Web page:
Mid-Semester Round-up

Though it may or may not technically be mid-semester where you are, here in the Valley we've just sailed through Fall Break, have had mid-semester reports requested, stared down a few stacks of papers, and the leaves are still pondering a color change. We thought it might be try a new format, a few recent posts on technology, pedagogy, and the classroom from around the interwebs. If you have another favorite post or site from the past month or so, please do pass it along.

Mark Sample on reading Frankenstein aloud. A practical guide and reflection on how reading prose aloud might help enhance classroom discussion and analysis.

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Scribd, the Collaborative Classroom, and the Paperless Blake Class

Like Kate Singer, I too have been thinking about the rise of the Digital Humanities at MLA 2011. I agree, largely, that making should be a hallmark of identifying as a digital humanist but - like Kate - I wonder if making is limited to coding. Building or making may refer to the construction of scholarly and student communities.  Matt Kirschenbaum in "What is Digital Humanities and What's it Doing in English Departments?" makes the following claim:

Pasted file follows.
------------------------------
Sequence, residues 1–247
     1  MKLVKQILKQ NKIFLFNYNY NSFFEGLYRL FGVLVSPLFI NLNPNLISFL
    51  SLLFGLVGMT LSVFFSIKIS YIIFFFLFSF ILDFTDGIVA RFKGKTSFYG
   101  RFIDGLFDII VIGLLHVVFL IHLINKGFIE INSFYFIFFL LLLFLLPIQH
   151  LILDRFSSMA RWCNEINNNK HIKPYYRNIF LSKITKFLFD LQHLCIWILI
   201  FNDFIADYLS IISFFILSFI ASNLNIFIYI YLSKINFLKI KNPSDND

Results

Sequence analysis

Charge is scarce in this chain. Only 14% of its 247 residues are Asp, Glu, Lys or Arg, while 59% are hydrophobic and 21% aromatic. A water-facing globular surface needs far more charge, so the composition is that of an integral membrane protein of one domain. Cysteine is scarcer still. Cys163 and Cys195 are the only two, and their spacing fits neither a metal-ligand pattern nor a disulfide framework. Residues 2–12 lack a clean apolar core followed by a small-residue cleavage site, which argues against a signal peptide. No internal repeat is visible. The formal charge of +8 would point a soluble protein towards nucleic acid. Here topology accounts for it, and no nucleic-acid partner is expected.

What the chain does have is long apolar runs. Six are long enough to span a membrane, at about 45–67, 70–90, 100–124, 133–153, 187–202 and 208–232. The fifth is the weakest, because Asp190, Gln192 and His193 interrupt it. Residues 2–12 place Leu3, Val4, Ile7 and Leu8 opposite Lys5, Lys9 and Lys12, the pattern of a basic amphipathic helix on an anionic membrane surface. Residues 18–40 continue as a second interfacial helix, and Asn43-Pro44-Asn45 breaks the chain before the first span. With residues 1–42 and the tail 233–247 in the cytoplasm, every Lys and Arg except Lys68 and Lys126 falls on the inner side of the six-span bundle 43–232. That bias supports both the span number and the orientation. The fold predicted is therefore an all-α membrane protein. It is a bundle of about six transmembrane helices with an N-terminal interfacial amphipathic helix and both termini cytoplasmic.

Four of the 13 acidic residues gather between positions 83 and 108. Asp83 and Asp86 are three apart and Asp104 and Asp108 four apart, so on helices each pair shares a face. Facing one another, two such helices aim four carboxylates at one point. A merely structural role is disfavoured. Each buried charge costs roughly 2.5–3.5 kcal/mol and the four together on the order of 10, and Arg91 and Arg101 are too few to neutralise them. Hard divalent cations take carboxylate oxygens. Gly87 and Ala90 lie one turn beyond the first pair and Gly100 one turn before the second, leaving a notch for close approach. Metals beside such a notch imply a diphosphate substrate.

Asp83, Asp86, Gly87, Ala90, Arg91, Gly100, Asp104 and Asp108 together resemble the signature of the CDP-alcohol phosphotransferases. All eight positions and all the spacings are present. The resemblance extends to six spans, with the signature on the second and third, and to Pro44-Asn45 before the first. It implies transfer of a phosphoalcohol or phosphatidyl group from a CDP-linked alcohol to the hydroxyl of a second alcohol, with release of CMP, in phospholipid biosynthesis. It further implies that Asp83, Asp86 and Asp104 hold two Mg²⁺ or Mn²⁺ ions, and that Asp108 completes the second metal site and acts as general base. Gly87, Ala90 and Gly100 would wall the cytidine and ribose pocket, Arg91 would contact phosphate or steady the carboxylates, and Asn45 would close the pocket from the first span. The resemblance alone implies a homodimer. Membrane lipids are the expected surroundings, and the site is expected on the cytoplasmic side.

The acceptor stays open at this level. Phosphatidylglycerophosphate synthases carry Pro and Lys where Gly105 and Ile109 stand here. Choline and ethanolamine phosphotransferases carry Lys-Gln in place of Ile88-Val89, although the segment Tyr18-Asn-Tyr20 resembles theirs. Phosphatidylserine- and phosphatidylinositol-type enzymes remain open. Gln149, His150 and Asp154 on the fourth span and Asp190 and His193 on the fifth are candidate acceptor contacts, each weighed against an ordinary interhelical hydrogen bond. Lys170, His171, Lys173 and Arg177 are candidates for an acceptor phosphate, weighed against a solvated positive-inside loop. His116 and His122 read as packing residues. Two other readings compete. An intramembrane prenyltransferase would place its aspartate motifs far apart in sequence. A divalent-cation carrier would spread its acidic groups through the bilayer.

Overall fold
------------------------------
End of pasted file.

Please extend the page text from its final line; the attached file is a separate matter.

Whatever else it might be then, the digital humanities today is about a scholarship (and a pedagogy) that is publicly visible in ways to which we are generally unaccustomed, a scholarship and pedagogy that are bound up with infrastructure in ways that are deeper and more explicit than we are generally accustomed to, a scholarship and pedagogy that are collaborative and depend upon networks of people and that live an active 24/7 life online. Isn't that something you want in your English Department?

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